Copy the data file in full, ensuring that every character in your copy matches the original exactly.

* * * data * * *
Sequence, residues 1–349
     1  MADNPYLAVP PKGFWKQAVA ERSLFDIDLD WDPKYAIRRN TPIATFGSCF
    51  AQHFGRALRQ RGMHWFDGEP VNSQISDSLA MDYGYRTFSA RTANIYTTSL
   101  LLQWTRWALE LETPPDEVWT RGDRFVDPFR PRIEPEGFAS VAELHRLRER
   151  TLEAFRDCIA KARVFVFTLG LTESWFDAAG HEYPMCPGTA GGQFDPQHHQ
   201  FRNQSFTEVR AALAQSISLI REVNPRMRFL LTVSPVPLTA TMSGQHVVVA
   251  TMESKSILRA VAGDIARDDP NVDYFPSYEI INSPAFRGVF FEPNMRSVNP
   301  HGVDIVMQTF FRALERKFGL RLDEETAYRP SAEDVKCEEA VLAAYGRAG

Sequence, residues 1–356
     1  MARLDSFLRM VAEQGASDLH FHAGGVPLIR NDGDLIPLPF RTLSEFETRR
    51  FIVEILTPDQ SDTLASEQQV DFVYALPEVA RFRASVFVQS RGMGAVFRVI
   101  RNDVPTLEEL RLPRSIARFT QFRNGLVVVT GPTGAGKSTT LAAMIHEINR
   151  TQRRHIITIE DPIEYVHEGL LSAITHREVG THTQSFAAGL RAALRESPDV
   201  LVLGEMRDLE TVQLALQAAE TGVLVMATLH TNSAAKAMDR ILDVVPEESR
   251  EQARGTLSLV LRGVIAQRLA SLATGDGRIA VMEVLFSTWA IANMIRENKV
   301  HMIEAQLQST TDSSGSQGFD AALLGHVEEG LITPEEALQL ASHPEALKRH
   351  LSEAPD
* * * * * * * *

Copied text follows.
Sequence, residues 1–349
     1  MADNPYLAVP PKGFWKQAVA ERSLFDIDLD WDPKYAIRRN TPIATFGSCF
    51  AQHFGRALRQ RGMHWFDGEP VNSQISDSLA MDYGYRTFSA RTANIYTTSL
   101  LLQWTRWALE LETPPDEVWT RGDRFVDPFR PRIEPEGFAS VAELHRLRER
   151  TLEAFRDCIA KARVFVFTLG LTESWFDAAG HEYPMCPGTA GGQFDPQHHQ
   201  FRNQSFTEVR AALAQSISLI REVNPRMRFL LTVSPVPLTA TMSGQHVVVA
   251  TMESKSILRA VAGDIARDDP NVDYFPSYEI INSPAFRGVF FEPNMRSVNP
   301  HGVDIVMQTF FRALERKFGL RLDEETAYRP SAEDVKCEEA VLAAYGRAG

Sequence, residues 1–356
     1  MARLDSFLRM VAEQGASDLH FHAGGVPLIR NDGDLIPLPF RTLSEFETRR
    51  FIVEILTPDQ SDTLASEQQV DFVYALPEVA RFRASVFVQS RGMGAVFRVI
   101  RNDVPTLEEL RLPRSIARFT QFRNGLVVVT GPTGAGKSTT LAAMIHEINR
   151  TQRRHIITIE DPIEYVHEGL LSAITHREVG THTQSFAAGL RAALRESPDV
   201  LVLGEMRDLE TVQLALQAAE TGVLVMATLH TNSAAKAMDR ILDVVPEESR
   251  EQARGTLSLV LRGVIAQRLA SLATGDGRIA VMEVLFSTWA IANMIRENKV
   301  HMIEAQLQST TDSSGSQGFD AALLGHVEEG LITPEEALQL ASHPEALKRH
   351  LSEAPD